I don’t know him as well as you do, but could it be a kind of a marketing tool to go to different platforms and just market yourself in the best way possible?

I’m not sure. I don’t know the intent behind some of these appearances, but what I do know for sure—talking to Jordan—is that he’s basically a kind of guy where, if the publication is big enough, he’ll do an interview. He’ll talk with whoever wants to talk with him. I think that Jordan needs to be careful, and I’m happy that he’s taking this time away. We saw his wife the other day who went for a coffee, and Jordan has canceled his London talk. He still needs a break.

As a person who has read his book 12 Rules for Life, I always picture him as someone who practices what he preaches. That’s the greatness of the book; he never takes himself away from the book, so he brings in lots of references in his writing. And you know that he lived through all of this. I would like to see him in that way: with gravitas, understanding, and facing the nakedness of reality that is frightening, but he embraces it.

I relate to what you’re saying for sure. A lot of the tweets are very political such as The Post Millennial articles that he shares. But Jordan is also a political guy. When he was a kid, he ran for office. He wanted to be a politician. Politics is part of the way he thinks too, and he does think that the left-wing progressive branch is going too far. He was in Prager’s film No Safe Spaces. He wasn’t forced to be in it. He wanted to be in it. A lot of his friends and colleagues—Ben Shapiro, Dave Rubin, Dennis Prager, Turning Point USA—these are all people that he’s going to continue to work with. He did a speech at Liberty University, which an evangelical university. It’s ranked the worst campus for free speech. What’s that about?

When he came out with his complaints about bill C-16, the transgender bill, nobody, including his left-leaning friends at the university said anything. Nobody defended him publicly. People privately messaged him and said, “I agree with what you’re doing and you’re courageous, but I can’t come out publicly because I’m afraid of what will happen to me.” I think he would have been fired if he didn’t get so much attention—and if his book wasn’t such a big hit. That’s what I think about it. The people that originally came to defend him were right-wing tabloid types like Ezra Levant’s Rebel Media. Levant is like Canada’s version of Dennis Prager. These are the only type of people that came to his defense. Rebel Media raised $200,000 for his research at the University of Toronto because there’s a government grant that he didn’t get. Ezra Levant is not well-respected in Canada, but, alas, these are the people that came to his defense when nobody else would.

I think that politics are very similar to ideology, where people put tribe over truth. An ideological person, a partisan, is someone that when they start a sentence, you know how it’s going to end. The thing about partisanship, though, is that it pays. You can make a lot of money telling people what they want to hear: feeding the animals. No one cares about that new album you’ve recorded. All they want you to play is that one hit from the ‘80s!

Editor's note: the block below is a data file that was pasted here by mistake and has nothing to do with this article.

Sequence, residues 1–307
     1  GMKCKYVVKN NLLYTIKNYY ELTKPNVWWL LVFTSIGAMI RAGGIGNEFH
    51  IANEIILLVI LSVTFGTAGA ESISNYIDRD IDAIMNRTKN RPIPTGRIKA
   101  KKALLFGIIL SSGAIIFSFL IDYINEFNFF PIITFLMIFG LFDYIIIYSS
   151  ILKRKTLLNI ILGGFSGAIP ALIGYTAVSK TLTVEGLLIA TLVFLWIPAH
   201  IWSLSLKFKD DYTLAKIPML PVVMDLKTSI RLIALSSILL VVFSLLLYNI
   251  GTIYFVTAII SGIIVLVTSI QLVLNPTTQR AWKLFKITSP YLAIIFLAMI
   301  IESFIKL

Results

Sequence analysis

That’s my argument. I think Peterson, as a public intellectual, belongs to people who actually need his help—and not as ammunition for a political campaign that doesn’t serve anyone well. 

I agree. Maybe it would be useful if I tell a little bit about my experiences meeting fans on tour. Many don’t care that much about the political stuff. All they’re interested in is the self-help stuff. They would say: “Jordan Peterson helped me to be a better father.” “Jordan Peterson helped me to be a better son.” “He helped me to get a raise at work because he taught me how to be more assertive.” “He helped me to stop watching porn.” These are all the things that these young guys say to me. They see Jordan as something very close to a dad they never had.

I think about the film Fight Club. I was in grade nine when it came out. There’s a line in the film that says: “We are a generation raised by our mothers.” There’s this element of fatherlessness I find associated with Jordan. The fans wants guidance and structure. These guys are already on YouTube and on the Internet playing Call of Duty or whatever. Then you have a Jordan Peterson video pop up, and they just eat it up. They first heard about Jordan as a badass—not like a Tony Robbins kind of guy who’s very charming and tries to tell you things in a smiley way. Jordan’s not like that. He’s kind of harsh and niche. Some guys respond to that very well. They like it. They like the message that life is suffering—and that they need to get their shit together. When someone speaks to them like that they feel respected. They think that Jordan thinks they are the kind of guys that can handle that truth. So, when you talk to people like that, especially young guys, certain personality types really respond well to it. They see it as an opportunity to rise to the occasion. Their moment to capture the dragon and test themselves, with everything before that blurring out in a dull grayish haze. They want to feel alive!

My dream with Jordan—for a guy that I quite like, a guy that I respect, and a guy that I’ve had the privilege to know for these last four going on five years—is for him to travel. Look outside of the West. Go write something completely new. Or something beautiful. Make art. Write a children’s story. Write a screenplay.

One thought on “Maziar Ghaderi: to Truly Know Jordan Peterson (Part II)

  1. “Mr. Reagan. He didn’t say anything negative about the film to our face, but then he talks about how the film was made by “leftists” on his channel. We’re not leftist.”